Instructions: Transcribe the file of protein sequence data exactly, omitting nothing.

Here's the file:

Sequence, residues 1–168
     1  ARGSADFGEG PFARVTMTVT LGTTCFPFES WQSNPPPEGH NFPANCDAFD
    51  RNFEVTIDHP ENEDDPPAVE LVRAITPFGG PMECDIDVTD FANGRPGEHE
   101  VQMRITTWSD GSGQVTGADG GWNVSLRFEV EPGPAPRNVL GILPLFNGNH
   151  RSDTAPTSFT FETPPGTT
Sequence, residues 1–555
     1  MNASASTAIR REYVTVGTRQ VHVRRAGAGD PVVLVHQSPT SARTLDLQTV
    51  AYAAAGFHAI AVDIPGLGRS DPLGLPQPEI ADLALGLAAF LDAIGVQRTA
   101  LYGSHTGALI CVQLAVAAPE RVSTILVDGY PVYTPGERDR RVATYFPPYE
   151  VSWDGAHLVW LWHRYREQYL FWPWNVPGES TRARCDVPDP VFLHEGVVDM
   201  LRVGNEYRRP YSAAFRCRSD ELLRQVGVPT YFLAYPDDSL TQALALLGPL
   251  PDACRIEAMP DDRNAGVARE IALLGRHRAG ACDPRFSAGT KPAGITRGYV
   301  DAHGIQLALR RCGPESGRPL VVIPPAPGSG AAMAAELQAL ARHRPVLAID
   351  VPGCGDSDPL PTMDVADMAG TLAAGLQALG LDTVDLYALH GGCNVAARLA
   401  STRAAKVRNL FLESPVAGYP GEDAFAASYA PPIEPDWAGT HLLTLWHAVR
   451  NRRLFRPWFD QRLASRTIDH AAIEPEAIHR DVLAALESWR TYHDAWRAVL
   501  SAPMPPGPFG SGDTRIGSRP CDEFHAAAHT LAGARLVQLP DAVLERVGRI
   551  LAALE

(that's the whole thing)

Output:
Sequence, residues 1–168
     1  ARGSADFGEG PFARVTMTVT LGTTCFPFES WQSNPPPEGH NFPANCDAFD
    51  RNFEVTIDHP ENEDDPPAVE LVRAITPFGG PMECDIDVTD FANGRPGEHE
   101  VQMRITTWSD GSGQVTGADG GWNVSLRFEV EPGPAPRNVL GILPLFNGNH
   151  RSDTAPTSFT FETPPGTT
Sequence, residues 1–555
     1  MNASASTAIR REYVTVGTRQ VHVRRAGAGD PVVLVHQSPT SARTLDLQTV
    51  AYAAAGFHAI AVDIPGLGRS DPLGLPQPEI ADLALGLAAF LDAIGVQRTA
   101  LYGSHTGALI CVQLAVAAPE RVSTILVDGY PVYTPGERDR RVATYFPPYE
   151  VSWDGAHLVW LWHRYREQYL FWPWNVPGES TRARCDVPDP VFLHEGVVDM
   201  LRVGNEYRRP YSAAFRCRSD ELLRQVGVPT YFLAYPDDSL TQALALLGPL
   251  PDACRIEAMP DDRNAGVARE IALLGRHRAG ACDPRFSAGT KPAGITRGYV
   301  DAHGIQLALR RCGPESGRPL VVIPPAPGSG AAMAAELQAL ARHRPVLAID
   351  VPGCGDSDPL PTMDVADMAG TLAAGLQALG LDTVDLYALH GGCNVAARLA
   401  STRAAKVRNL FLESPVAGYP GEDAFAASYA PPIEPDWAGT HLLTLWHAVR
   451  NRRLFRPWFD QRLASRTIDH AAIEPEAIHR DVLAALESWR TYHDAWRAVL
   501  SAPMPPGPFG SGDTRIGSRP CDEFHAAAHT LAGARLVQLP DAVLERVGRI
   551  LAALE